Bil’s rating (out of 5): BB.
USA, 1944. Warner Bros.. Screenplay by Delmer Daves. Cinematography by Bert Glennon. Produced by Alex Gottlieb. Music by Leo F. Forbstein, Ray Heindorf. Production Design by Leo K. Kuter. Costume Design by Milo Anderson. Film Editing by Christian Nyby.
War propaganda has never been as shameless as in this endless bore. The film takes place in the actual Hollywood canteen, a real nightclub started in the forties by cinema stars and directors (Bette Davis and John Garfield being the two key founders) where servicemen taking leave in Los Angeles could have a place where they’d be honoured for their efforts and served drinks by their favourite movie stars. The war department saw it as a great opportunity to get more soldiers to join the ranks, so a film was created involving a dopey soldier (Robert Hutton) who gets the chance to take his favourite actress (Joan Leslie as herself) out for a date (you’ll laugh your head off when you see a movie star hanging out in her backyard, asking her date to keep his voice down in order that her parents won’t be wakened by the sound—what movie star ever actually came from Los Angeles?) The parade of famous faces (including Davis) is a delightful sight, but lines like “Hey, you’re Mrs. Skeffington! I saw your latest movie” (looks at camera straight) “We see films on the ship before they get screened for regular audiences!” will have you screaming.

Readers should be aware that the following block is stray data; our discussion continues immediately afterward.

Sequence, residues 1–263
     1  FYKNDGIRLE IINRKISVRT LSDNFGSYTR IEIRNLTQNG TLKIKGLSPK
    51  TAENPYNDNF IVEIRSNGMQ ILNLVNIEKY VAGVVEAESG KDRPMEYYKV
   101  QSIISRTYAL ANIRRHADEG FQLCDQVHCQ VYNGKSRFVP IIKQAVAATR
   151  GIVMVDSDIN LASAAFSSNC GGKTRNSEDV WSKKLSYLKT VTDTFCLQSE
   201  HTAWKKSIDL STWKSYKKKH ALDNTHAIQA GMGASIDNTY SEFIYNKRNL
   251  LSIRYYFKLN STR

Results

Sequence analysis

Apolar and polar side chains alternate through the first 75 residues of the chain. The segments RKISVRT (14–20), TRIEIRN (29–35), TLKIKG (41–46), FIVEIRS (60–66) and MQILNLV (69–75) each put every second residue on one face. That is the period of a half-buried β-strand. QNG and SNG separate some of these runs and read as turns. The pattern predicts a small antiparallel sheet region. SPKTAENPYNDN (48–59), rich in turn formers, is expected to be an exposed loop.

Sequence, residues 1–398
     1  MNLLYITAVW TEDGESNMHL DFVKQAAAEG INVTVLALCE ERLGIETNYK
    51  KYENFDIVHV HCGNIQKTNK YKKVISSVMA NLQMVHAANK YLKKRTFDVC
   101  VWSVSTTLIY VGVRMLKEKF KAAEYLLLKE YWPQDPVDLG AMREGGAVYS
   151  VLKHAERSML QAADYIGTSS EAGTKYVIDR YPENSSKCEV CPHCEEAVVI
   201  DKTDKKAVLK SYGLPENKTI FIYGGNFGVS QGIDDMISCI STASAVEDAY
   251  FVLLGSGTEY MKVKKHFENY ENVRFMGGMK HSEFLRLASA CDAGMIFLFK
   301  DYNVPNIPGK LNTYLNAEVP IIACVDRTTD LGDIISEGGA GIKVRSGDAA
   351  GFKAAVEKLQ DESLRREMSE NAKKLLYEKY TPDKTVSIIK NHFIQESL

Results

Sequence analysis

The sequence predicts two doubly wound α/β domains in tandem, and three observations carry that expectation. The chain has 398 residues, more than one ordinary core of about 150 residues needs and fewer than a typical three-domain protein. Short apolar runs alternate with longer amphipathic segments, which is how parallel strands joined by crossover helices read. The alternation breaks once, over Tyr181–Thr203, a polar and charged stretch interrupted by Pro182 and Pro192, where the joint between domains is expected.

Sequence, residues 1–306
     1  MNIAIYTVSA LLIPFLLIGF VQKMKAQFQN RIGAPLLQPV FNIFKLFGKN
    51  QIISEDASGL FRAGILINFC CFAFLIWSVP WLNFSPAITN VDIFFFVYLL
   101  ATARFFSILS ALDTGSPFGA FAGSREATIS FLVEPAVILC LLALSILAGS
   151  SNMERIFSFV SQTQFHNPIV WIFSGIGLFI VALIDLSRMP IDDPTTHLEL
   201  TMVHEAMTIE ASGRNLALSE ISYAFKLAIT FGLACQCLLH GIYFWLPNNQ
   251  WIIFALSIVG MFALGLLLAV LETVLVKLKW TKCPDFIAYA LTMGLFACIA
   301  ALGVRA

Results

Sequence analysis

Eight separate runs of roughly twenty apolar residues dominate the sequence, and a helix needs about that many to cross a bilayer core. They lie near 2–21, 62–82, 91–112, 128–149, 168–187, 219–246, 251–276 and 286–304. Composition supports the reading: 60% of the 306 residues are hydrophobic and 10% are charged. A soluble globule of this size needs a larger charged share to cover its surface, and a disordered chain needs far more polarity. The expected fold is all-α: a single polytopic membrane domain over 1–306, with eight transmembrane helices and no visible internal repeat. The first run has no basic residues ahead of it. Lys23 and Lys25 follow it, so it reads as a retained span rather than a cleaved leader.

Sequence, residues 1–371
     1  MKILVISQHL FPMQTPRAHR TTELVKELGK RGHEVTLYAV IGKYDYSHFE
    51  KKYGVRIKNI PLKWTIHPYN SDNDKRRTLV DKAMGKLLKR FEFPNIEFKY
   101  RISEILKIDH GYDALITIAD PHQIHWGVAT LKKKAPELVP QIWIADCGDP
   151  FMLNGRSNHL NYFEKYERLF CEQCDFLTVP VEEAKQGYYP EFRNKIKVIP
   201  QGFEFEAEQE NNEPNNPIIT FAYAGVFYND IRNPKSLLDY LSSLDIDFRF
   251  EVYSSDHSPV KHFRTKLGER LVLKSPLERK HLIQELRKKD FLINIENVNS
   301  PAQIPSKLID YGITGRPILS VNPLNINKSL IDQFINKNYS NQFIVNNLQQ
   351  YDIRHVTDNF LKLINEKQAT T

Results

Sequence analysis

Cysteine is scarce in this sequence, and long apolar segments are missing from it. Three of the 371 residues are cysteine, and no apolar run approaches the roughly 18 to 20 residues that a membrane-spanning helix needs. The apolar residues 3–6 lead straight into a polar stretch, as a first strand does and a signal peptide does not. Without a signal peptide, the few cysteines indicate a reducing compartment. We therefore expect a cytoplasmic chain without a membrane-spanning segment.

Academy Award Nominations: Best Sound Recording; Best Scoring of a Musical Picture; Best Song (“Sweet Dreams Sweetheart”)